Being a trustee means that you are responsible for all oversight and direction of the assets of the Trust.  As a Trustee, you have what is known as a fiduciary duty to the beneficiaries of that trust.  There are laws you must abide by in administering the trust, in addition to the terms of the trust that set out your duties as trustee.

A trustee’s duties include, but are not limited to:

  • Administering the trust according to its terms
  • Communicating with beneficiaries about the various activities of the trust.
  • Investing and managing trust assets in a prudent manner
  • Accounting for and paying any taxes or fees
  • Distributing assets to beneficiaries as outlined in the trust
  • Making an accounting of trust assets, liabilities, receipts and disbursements to beneficiaries.

As a Trustee, you may find yourself involved with the probate process at some point and have to go into Court to marshal assets. If some of the assets of the estate were not properly transferred into the trust, this process can be overwhelming, especially if you do not have prior experience in this area.

Thankfully, with a good Atlanta trusts administration lawyer on board, you do not have to navigate this process alone. Engaging experienced legal help is always the best option for trustees, with the trust being responsible for any fees incurred for legal services.

If you would like some guidance on trust administration or planning for smooth administration of an estate, call our Marietta trust administration lawyer office today to schedule a time for us to sit down and talk. We normally charge $750 for a Family Wealth Planning Session, but if you mention this article and we still have room on our calendar this month, we will waive that fee. Call us today at 770-425-6060 and mention this article.

Image courtesy of stockimages at FreeDigitalPhotos.net

 

Should Facebook Play Into Estate Planning For Cobb County Residents?

Should Facebook Play Into Estate Planning For Cobb County Residents?

atlanta digital assets lawyerEstate planning lawyers in Cobb County have always had to keep up with the times, and this is just as true in Georgia as it is anywhere else.  Often these changes include things like new legislation, but there are other factors that need to be considered, such as differing lifestyles and advancing technologies.  Have you ever stopped to wonder what happens to your Facebook when you die?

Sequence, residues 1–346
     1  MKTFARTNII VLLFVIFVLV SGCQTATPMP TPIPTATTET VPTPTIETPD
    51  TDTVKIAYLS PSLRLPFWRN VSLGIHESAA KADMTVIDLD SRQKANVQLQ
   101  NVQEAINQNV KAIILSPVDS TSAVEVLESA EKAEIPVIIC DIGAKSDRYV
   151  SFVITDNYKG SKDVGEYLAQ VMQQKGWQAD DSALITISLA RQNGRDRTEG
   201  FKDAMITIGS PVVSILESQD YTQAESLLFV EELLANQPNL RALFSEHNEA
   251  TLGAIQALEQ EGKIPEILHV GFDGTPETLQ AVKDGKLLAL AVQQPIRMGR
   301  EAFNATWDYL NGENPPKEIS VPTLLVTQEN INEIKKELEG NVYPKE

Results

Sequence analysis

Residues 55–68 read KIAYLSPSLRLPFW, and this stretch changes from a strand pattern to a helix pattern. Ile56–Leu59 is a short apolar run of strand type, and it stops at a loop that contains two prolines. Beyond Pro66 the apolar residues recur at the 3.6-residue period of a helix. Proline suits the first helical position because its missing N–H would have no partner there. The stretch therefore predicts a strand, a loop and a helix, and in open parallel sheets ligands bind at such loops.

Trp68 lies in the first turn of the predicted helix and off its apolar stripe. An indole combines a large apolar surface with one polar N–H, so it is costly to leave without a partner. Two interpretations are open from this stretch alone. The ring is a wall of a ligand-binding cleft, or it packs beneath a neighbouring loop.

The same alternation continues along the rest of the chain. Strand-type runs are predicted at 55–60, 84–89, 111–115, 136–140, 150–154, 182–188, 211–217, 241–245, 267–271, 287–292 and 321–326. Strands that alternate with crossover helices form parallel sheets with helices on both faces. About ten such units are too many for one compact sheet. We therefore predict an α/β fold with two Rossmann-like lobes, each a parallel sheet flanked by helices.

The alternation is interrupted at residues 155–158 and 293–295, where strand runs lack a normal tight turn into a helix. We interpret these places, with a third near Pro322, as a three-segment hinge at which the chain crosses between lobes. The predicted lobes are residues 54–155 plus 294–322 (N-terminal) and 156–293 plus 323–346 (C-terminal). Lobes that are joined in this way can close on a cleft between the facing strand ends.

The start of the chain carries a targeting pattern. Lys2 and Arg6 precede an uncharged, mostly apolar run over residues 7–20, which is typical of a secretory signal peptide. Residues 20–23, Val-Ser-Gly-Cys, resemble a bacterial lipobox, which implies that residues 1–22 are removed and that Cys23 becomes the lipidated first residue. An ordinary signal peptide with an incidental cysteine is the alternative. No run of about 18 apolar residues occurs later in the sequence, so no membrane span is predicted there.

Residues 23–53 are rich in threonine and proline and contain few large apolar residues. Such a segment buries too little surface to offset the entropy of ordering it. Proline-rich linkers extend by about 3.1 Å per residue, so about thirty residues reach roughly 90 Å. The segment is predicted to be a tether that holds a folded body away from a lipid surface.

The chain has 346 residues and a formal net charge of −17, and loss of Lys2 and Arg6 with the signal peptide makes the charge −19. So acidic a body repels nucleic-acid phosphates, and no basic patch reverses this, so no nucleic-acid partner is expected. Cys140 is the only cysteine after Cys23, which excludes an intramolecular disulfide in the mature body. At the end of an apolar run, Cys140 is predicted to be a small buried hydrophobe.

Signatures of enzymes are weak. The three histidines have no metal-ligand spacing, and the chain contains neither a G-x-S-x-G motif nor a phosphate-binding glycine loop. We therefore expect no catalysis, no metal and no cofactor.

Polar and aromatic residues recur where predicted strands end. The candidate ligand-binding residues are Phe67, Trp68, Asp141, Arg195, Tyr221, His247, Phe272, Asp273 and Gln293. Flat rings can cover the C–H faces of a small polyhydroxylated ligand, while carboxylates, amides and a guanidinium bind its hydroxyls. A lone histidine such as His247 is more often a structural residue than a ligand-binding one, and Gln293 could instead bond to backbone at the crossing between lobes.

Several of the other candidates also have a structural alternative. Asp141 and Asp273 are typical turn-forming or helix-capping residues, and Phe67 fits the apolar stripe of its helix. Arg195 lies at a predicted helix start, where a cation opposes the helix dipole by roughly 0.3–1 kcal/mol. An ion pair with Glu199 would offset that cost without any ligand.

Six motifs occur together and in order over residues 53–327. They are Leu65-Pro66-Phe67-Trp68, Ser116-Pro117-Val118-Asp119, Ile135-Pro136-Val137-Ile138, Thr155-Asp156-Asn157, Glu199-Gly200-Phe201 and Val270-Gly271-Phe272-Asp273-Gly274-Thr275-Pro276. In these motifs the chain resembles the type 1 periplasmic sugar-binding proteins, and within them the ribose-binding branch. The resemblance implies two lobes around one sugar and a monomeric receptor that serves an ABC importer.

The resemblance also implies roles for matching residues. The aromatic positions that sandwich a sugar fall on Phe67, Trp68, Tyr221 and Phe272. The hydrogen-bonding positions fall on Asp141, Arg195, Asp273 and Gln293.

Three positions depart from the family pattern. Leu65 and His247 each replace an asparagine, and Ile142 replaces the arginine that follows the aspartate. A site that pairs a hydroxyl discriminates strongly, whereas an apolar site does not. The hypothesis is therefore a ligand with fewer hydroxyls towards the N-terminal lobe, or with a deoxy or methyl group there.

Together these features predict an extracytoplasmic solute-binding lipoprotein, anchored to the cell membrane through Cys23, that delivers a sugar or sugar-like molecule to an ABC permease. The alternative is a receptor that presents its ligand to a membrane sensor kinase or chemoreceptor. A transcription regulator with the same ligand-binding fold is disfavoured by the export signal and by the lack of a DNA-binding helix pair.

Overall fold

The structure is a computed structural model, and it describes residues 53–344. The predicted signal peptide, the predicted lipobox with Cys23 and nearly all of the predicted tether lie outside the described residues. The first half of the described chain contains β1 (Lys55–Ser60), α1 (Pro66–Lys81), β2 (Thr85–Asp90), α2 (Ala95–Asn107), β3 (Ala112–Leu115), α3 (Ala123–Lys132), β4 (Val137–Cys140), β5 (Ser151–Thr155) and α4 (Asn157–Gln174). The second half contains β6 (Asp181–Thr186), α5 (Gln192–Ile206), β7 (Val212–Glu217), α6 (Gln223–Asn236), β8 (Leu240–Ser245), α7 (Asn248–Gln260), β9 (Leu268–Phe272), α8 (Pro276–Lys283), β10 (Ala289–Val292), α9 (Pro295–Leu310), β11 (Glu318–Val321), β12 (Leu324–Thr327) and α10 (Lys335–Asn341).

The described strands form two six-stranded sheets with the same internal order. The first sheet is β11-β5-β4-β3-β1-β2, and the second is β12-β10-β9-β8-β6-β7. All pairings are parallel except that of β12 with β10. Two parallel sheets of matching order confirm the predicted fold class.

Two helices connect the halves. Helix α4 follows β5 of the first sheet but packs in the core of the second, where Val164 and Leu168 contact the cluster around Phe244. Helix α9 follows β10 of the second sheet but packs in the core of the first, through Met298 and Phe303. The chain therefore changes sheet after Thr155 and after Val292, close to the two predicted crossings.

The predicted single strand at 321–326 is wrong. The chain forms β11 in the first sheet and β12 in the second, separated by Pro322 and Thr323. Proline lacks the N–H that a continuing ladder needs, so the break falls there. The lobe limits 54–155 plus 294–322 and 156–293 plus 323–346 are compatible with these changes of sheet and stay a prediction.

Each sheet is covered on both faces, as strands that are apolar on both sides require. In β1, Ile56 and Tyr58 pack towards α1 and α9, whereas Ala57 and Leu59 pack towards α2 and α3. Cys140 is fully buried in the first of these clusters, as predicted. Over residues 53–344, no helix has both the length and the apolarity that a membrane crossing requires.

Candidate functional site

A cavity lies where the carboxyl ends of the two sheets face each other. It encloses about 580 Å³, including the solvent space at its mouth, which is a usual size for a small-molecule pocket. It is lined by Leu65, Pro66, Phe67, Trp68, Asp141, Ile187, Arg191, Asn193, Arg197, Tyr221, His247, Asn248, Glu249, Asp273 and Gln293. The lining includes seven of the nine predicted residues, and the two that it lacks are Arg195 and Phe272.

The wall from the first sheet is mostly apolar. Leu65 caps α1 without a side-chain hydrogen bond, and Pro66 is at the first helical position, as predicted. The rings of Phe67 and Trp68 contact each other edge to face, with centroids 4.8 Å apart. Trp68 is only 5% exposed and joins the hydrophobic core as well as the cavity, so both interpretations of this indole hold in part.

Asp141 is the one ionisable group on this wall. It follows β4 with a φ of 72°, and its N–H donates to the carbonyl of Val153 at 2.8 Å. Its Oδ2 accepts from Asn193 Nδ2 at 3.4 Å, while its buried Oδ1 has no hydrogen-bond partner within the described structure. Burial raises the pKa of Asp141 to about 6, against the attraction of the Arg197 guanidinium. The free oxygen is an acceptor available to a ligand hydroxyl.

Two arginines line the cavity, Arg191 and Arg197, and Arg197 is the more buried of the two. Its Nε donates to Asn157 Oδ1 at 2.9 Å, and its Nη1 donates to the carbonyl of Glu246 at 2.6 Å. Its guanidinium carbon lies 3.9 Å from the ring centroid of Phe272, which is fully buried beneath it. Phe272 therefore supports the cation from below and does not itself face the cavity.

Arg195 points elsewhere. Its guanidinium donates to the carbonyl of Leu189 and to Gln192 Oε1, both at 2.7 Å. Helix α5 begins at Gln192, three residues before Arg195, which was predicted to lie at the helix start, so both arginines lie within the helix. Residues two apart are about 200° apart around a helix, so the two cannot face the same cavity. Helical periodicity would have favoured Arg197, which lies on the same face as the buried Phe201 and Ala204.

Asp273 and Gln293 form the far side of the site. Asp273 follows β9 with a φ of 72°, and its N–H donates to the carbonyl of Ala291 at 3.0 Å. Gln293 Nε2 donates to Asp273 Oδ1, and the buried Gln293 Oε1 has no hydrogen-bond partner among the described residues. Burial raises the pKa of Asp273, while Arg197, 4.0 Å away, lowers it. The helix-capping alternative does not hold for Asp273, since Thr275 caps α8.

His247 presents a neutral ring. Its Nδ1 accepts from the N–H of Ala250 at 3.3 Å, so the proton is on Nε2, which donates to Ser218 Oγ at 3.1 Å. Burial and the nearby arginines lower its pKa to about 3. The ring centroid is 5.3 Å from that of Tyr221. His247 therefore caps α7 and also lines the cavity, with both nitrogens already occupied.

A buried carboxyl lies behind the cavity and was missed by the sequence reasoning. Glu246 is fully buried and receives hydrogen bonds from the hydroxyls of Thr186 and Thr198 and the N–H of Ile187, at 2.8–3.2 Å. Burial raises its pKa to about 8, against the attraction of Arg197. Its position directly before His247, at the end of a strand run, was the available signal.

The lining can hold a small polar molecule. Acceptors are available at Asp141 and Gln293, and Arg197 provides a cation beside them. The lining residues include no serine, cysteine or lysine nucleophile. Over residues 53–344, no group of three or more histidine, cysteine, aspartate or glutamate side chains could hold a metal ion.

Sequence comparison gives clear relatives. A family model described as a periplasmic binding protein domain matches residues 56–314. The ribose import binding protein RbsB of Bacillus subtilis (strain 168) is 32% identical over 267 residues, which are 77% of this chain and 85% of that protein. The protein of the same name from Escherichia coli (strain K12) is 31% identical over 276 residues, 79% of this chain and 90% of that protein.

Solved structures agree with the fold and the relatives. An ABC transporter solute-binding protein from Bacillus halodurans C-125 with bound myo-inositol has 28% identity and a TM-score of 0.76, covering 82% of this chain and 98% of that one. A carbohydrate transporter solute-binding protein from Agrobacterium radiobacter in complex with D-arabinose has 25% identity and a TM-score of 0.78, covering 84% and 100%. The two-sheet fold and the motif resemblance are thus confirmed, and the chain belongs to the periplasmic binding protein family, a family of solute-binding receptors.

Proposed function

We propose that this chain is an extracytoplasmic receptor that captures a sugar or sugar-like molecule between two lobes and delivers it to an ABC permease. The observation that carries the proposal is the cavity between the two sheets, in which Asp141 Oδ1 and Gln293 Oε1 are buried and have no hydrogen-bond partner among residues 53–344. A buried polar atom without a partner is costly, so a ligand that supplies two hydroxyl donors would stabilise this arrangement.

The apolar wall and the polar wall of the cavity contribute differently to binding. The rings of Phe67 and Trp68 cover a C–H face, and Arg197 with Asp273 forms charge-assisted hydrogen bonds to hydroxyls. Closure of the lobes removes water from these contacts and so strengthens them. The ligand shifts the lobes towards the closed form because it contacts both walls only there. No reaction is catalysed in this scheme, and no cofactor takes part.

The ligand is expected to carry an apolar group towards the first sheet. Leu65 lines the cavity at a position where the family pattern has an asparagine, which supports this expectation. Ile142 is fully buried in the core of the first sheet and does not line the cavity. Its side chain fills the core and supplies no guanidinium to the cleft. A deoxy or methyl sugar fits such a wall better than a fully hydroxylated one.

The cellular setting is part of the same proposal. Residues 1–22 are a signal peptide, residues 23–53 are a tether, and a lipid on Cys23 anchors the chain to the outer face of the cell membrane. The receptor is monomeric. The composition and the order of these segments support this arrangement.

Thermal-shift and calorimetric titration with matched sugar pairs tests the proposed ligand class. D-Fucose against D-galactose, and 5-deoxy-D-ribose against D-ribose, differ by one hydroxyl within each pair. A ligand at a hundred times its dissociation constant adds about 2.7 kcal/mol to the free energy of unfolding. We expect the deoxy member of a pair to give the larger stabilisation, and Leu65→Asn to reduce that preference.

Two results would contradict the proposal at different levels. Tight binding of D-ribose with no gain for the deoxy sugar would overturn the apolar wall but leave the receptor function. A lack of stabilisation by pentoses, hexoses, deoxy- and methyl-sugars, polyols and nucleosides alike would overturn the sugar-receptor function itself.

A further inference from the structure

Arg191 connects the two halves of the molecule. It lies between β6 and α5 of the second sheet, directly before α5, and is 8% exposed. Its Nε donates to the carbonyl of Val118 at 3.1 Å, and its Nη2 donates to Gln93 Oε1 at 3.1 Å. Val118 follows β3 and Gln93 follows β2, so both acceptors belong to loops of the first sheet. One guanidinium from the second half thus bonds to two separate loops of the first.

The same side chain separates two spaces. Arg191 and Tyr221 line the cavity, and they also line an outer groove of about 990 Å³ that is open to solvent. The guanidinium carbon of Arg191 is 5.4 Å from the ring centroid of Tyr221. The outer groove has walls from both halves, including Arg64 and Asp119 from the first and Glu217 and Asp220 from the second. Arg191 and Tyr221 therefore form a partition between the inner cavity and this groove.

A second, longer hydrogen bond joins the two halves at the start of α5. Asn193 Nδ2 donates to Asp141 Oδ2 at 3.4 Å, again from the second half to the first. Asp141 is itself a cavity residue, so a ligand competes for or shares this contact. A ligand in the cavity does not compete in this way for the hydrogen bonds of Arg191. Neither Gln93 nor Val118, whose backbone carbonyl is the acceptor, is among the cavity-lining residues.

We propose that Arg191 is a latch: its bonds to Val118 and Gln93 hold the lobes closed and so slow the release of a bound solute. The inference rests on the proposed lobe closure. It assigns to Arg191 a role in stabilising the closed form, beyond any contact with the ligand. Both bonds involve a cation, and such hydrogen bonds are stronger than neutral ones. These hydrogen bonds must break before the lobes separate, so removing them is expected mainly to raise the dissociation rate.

It’s a question that even the legal world is starting to address.  Of course, Facebook is only one of the social networks out there, and it’s likely that more will emerge, with some taking over the spotlight.  For now, Facebook is certainly one of the most talked about, as Facebook has reached a billion users.  As of November of 2012, Twitter had 500 million, Google+ had 400 million, Skype had 280, and LinkedIn had 175 million.  And this represents only a fraction of the social networks that are out there.

New York, Oklahoma, and Nebraska were some of the first states to start taking a look at how estate planning attorneys might assist clients in designating personal representatives to take over their social media accounts should the original owner become deceased or incapacitated.  Some people are referring to this as an “online executor,” and it’s even being suggested to officially name this person in the will or trust.

What About Facebook?

While it still remains to be seen how things will play out, especially as newer technologies become part of the Cobb County estate planning landscape, Facebook (as well as many other social media networks) already does have a system in place for dealing with the death of a user.

When someone passes away, Facebook allows another person to notify them.  They will need to be able to supply the individual’s full name (used on the account), email address used to create the account, and the URL of the deceased’s profile.  This is done through a form.  In addition, the person must report their relationship with the deceased.